1. Is there any NP-Problem that can't be (maybe even proven) solved by quantum computers. I'm not talking about quantum NP-Problems (if that's even a thing), but about normal NP.
  2. If that NP Problem exists could you also use it for cryptography, since I don't want to buy a quantum computer just to be secure.

EDIT: I'm not talking about NP-complete, because that would have no use (I think) in cryptography and also not about symmetric key encryption.

  • $\begingroup$ Closely related question; you have wrong ideas what NP-hardness means. $\endgroup$
    – Raphael
    Jan 31 '17 at 18:11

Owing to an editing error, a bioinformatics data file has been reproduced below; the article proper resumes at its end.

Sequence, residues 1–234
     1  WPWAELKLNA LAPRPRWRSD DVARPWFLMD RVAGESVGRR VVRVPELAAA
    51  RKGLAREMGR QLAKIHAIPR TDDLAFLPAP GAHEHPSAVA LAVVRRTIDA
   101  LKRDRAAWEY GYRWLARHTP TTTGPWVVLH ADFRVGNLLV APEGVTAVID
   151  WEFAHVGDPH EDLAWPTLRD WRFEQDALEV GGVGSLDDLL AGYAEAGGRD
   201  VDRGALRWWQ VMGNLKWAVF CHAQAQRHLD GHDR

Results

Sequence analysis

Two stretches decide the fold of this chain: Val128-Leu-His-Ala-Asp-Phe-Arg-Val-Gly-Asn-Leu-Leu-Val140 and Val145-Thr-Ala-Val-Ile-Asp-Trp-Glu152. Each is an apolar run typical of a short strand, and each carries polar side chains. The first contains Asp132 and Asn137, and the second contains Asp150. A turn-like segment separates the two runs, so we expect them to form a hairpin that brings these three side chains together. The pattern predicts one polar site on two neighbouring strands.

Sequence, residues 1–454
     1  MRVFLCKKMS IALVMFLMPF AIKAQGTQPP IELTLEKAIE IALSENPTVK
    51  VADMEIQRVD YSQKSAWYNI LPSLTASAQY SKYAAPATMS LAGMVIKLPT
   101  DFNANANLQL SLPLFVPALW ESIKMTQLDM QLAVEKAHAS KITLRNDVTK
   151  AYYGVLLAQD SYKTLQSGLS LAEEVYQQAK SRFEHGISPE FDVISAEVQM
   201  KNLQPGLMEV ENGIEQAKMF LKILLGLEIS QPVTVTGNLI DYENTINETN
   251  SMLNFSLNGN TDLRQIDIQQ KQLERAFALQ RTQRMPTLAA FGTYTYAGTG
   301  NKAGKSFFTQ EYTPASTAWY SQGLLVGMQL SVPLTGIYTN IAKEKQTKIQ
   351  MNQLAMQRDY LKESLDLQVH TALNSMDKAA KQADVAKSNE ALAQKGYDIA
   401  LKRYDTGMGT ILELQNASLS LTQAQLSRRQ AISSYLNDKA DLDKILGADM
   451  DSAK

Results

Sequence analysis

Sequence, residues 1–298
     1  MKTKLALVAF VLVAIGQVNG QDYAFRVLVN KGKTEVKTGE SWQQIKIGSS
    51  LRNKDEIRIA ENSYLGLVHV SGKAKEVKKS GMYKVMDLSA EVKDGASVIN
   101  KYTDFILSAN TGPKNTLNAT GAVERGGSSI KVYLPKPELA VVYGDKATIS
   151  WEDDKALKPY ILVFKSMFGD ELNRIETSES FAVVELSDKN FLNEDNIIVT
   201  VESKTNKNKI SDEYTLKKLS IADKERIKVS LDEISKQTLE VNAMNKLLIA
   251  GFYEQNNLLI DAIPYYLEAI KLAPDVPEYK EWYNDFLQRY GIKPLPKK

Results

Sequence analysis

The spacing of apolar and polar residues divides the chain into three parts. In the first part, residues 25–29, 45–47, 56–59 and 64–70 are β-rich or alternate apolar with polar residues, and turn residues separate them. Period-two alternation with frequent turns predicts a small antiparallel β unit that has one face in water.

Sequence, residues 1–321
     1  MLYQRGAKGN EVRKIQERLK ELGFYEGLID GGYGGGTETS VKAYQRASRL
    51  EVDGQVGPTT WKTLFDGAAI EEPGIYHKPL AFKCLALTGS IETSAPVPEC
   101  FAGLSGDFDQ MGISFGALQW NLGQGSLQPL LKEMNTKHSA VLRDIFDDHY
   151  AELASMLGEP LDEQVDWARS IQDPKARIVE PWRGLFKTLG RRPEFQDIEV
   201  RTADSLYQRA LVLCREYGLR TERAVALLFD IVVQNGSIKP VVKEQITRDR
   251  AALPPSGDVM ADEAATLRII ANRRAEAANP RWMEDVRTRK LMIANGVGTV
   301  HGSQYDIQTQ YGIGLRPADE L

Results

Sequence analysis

• $\begingroup$ Yea I did, but now I think I understood it after some more research. $\endgroup$
    – Zonko
    Jan 31 '17 at 18:18
  • 1
    $\begingroup$ What is NP problem? If it NP-complete then there is no such problem known because relation between BQP and NP is currently unknown. If it is NP-hard, then recall BQP is in PSPACE so just take any problem outside of it. If it is a problem in NP and not necessary complete, then this is even stronger then unsolvability of NP-complete problem. If I remember correctly, even $BQP \in NP$ is unknown. $\endgroup$
    – Eugene
    Jan 31 '17 at 19:50

Nobody really knows whether quantum computers can solve all NP complete problems in polynomial time or not. There is strong evidence that they cannot: Strengths and Weaknesses of Quantum Computing, but no definite proof.


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